Kid goats (newborn) have been used in transplantation protocols to study the techniques and problems of infant human cardiac transplantation. Immunosuppression has been by cyclosporine in both species. However, the pharmacokinetics of cyclosporine (CSA) in both the kid goat and human infant were unknown. Therefore, the pharmacokinetics of CSA were investigated. A single dose study and a long term chronic administration study were undertaken in the goat. Six Nubian goats, ages 60-90 days, were given a single IV dose of CSA, 0.25 mg/kg, over a 10 minute period and 72 hr later an oral cyclosporine dose of 20 mg/kg. The mean area under the concentration-time curve (AUC) IV was 1920 ± 208 ng-hr/mL (SEM) versus oral 6210 ± 685 ng-hr/mL . The IV mean residence time (MRT) was 2.1 ± 0.1 hr with a calculated half-life of 1.6 ± 0.1 hr as compared to the oral MRT 15.1 hr with a calculated half-life 7.8 hr. Clearance IV was 139 ± 17 mL/hr/kg. Apparent volume of distribution (Vd) for IV was 0.32 ± 0.04 L/kg as compared to oral 1.3 L/kg with a bioavailability (F) of 3.7% Four Nubian goats, ages less than one week, were administered the same doses of CSA as the single dose study for a period of 12 weeks. The mean AUCs were at least 26-fold higher during the first six weeks as compared to the last six weeks. The MRT and Vd were about the same in both studies with F up to 100%, decreasing to 15% after weaning due to the closure of the ruminal groove in the long term study. Blood chemistries that were affected by CSA were magnesium, glucose and cholesterol. For the human infant, the two-part study consisted of immediate post cardiac transplant, mean 4.9 ± 0.3 days (SEM) and long term, mean age 16.8 ± 2.3 months with time post-transplant of 14.3 ± 2.0 months. Oral doses of CSA increased slightly between immediate post-transplant (6.1 ± 0.3 mg/kg) and long term (6.6 ± 0.7 mg/kg). MRT (5.1 ± 0.1 hr versus 4.0 ± 0.1 hr) and calculated half-lives (7.8 ± 0.9 hr versus 2.9 ± 0.2 hr) decreased but AUC/hr increased (255 ± 18 ng/mL versus 337 ± 22 ng/mL), respectively. Time to peak concentrations did not significantly change in either study. Bioavailability during the immediate post-transplant period was 26% ± 0.3. Five of the long term patients who had been switched to 3 times/day dosing had AUCs of 3538 ± 126 ng-hr/mL as compared to 2 times/day dosing with AUCs of 3491 ± 197 ng-hr/mL. Mean daily cyclosporine doses for the long term patients were 15.4 ± 1.8 mg/kg/day. Blood chemistries that CSA affected were magnesium, cholesterol, glucose, total protein and albumin. In comparing the immediate post cardiac transplant recipient with the the long term post transplant cardiac recipient, CSA doses increased slightly, bioavailabilities increased and MRT was decreased. Changing to a 3 times/day dosing interval can decrease the peak concentrations and still maintain an adequate level of CSA.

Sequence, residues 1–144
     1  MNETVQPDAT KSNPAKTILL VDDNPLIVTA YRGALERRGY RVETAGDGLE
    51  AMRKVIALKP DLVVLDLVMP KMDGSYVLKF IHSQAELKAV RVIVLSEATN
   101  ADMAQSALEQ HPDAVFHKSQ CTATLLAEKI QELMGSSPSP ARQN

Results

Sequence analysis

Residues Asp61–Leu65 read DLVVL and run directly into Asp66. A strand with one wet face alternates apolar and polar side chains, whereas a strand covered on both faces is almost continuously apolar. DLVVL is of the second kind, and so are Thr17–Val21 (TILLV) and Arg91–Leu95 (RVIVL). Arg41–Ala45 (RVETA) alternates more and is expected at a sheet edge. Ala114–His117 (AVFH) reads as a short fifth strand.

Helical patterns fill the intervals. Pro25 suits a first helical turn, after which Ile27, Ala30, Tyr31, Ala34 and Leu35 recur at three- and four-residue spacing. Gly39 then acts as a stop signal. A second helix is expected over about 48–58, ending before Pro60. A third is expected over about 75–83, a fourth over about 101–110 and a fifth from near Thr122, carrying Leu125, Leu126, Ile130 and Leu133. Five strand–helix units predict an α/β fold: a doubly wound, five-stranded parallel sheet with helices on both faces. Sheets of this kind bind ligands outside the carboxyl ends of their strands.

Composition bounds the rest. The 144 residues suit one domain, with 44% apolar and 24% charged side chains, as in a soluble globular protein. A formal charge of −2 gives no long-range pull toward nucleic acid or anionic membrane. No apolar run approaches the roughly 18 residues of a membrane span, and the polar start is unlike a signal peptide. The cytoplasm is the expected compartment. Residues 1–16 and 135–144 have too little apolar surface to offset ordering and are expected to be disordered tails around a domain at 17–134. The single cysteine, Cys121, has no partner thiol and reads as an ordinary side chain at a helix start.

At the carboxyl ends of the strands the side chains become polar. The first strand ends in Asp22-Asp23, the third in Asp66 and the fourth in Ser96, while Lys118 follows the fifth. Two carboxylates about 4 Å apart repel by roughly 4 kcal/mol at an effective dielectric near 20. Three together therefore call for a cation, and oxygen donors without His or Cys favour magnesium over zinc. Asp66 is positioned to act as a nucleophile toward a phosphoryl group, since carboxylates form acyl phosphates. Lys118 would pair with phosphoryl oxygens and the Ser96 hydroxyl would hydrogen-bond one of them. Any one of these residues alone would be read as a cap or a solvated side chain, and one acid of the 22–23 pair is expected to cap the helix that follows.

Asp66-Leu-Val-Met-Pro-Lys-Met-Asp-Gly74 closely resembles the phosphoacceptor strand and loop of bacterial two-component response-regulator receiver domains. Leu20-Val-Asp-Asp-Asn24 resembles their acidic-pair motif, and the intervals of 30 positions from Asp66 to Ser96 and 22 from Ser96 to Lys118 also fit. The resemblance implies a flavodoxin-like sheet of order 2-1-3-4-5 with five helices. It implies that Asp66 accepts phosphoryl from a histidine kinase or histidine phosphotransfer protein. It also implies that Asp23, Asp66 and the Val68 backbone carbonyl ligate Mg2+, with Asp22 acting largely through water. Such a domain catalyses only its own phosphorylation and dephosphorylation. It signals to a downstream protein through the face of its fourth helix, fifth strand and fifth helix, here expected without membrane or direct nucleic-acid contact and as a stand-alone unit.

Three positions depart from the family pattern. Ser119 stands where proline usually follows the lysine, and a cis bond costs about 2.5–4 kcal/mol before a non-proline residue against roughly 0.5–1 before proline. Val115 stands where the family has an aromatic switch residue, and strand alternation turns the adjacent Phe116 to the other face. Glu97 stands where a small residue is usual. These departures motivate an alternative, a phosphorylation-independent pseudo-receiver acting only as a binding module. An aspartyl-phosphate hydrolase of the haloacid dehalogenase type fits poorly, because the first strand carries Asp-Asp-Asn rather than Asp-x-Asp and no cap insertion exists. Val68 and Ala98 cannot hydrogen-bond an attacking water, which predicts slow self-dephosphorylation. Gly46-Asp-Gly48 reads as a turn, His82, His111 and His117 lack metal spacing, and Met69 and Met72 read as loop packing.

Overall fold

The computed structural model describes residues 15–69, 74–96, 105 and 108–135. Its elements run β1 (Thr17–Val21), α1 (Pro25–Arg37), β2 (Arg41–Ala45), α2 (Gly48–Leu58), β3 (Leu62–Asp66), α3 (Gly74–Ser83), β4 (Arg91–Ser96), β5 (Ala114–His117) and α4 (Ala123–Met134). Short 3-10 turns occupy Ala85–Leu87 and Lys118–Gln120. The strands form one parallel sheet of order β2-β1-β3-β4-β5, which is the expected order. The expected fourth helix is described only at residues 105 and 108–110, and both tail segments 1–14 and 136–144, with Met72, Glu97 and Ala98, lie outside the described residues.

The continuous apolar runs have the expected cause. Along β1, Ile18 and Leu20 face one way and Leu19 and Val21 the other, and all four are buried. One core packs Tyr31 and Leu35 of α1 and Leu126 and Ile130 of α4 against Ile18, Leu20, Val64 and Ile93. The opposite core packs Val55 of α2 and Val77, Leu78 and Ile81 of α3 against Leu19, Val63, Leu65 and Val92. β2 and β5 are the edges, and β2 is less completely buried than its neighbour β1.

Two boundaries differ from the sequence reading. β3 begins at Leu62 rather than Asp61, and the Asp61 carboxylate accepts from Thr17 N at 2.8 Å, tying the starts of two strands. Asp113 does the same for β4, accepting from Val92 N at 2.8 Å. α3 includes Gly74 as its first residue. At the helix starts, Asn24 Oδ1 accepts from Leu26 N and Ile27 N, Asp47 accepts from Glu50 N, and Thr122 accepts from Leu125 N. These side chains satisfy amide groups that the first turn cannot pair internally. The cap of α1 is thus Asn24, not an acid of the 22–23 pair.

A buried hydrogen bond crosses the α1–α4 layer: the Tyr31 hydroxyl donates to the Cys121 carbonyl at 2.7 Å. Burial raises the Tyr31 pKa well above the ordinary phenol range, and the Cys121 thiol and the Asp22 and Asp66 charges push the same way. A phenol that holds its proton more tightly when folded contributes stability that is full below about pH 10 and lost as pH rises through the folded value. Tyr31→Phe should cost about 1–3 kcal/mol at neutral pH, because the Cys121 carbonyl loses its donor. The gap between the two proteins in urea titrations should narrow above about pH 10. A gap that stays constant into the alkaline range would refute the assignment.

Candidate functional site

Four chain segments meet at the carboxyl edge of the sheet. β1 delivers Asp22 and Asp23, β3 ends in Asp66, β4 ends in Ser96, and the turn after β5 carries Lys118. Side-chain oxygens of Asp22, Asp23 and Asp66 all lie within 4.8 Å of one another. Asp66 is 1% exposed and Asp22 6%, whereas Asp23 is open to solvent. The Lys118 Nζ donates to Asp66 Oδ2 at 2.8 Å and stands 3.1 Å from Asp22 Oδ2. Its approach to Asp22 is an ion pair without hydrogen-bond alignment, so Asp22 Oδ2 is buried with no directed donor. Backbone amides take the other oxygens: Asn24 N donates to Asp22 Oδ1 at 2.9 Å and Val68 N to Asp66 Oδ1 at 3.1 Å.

Ian M. Fraser
Marvin A. Peters
Ralph E. Cutler
William C. Eby
Steven C. Forland
Leonard L. Bailey
Doctor of Philosophy (Medical Science)
Year Degree Awarded
Date (Title Page)
Library of Congress/MESH Subject Headings
Cyclosporins -- pharmacokinetics; Cyclosporins -- in infancy & childhood; Cyclosporins -- chemistry; Goats
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This title appears here courtesy of the author, who has granted Loma Linda University a limited, non-exclusive right to make this publication available to the public. The author retains all other copyrights.
Beierle, Floyd A., "Pharmacokinetics and Effects on Blood Chemistry of Cyclosporine in Human Infants and Kid Goats" (1990). Loma Linda University Electronic Theses, Dissertations & Projects. 1428.
Loma Linda University Electronic Theses and Dissertations
Loma Linda University. Del E. Webb Memorial Library. University Archives